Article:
Some Coffee OK Late in Pregnancy
Caffeine and Pregnancy May Mix -- Danish Study Shows No Impact on Preterm Delivery, Birth Weight
WebMD News Archive
Caffeine vs. Decaf
The average birth weight of babies born to the women in the lower caffeine group was 7.75 pounds, compared to 7.8 pounds for babies born to women who consumed more caffeine.
In the caffeinated group, 4.2% of infants were born prematurely and 4.5% were small for their gestational age, vs. a premature and underweight birth rate of 5.2% and 4.7%, respectively, in the decaffeinated group.
None of those differences reached statistical significance, meaning the differences could have been due to chance.
The Danish group's findings appear in the Jan. 26 issue of BMJ Online.
While the researchers found no evidence that caffeine influences outcomes late in pregnancy, concerns about its impact early in pregnancy and even before conception remain.
Drinking five or more cups of coffee a day was found to double a pregnant woman’s risk of having a miscarriage in a Swedish study reported in 2000. There have also been suggestions that caffeine can lower fertility.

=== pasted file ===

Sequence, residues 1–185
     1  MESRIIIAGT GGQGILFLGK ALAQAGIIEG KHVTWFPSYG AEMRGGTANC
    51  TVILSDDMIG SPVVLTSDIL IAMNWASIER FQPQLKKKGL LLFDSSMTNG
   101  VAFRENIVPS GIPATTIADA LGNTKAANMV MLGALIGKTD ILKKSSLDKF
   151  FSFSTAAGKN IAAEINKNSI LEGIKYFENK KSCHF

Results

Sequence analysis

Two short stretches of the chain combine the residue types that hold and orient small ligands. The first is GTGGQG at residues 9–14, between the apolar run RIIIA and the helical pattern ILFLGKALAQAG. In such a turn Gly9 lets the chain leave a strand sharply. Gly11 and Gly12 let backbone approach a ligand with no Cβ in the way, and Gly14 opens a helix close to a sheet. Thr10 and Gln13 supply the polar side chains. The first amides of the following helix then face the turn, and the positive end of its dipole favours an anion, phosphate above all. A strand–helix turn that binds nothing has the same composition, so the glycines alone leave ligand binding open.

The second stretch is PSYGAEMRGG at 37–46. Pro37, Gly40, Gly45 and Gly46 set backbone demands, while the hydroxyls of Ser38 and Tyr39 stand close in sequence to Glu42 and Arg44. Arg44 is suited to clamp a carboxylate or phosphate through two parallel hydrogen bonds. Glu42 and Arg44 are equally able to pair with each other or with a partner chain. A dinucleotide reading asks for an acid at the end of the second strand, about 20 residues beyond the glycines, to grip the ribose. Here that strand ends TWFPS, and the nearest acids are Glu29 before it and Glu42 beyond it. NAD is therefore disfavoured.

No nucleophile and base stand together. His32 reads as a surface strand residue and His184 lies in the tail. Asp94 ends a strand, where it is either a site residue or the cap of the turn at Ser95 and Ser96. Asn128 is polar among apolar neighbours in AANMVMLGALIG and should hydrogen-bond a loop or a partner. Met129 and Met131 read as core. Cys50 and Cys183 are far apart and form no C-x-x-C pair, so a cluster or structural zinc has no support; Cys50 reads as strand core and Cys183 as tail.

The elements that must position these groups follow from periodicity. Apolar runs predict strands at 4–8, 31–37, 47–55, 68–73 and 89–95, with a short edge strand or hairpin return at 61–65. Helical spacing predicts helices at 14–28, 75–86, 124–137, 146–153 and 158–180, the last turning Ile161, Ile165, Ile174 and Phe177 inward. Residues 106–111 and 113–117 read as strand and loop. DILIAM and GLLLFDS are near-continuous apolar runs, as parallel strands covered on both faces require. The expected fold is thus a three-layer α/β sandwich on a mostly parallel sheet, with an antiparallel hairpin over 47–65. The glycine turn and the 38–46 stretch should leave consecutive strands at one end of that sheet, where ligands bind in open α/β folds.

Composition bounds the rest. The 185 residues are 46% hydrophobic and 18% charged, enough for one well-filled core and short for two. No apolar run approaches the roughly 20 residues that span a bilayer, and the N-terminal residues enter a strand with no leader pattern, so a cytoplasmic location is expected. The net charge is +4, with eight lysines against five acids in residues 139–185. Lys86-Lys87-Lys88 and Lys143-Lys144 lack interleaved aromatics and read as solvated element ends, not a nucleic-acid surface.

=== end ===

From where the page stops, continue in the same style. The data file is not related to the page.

The March of Dimes, a group that works to prevent birth defects, recommends that pregnant women drink no more than two 8-ounce cups of coffee a day, and that they watch their intake of caffeinated tea, colas, and chocolate.
March of Dimes Deputy Medical Director Diane Ashton, MD, MPH, says pregnant women should limit their caffeine consumption as much as possible.
“If you can avoid caffeine altogether, that is probably ideal,” she tells WebMD.
“One or two cups of coffee a day probably won’t pose a problem for most women," Ashton says. "But a woman who has had recurrent pregnancy losses or who is having problems becoming pregnant might want to consider a caffeine-free diet.”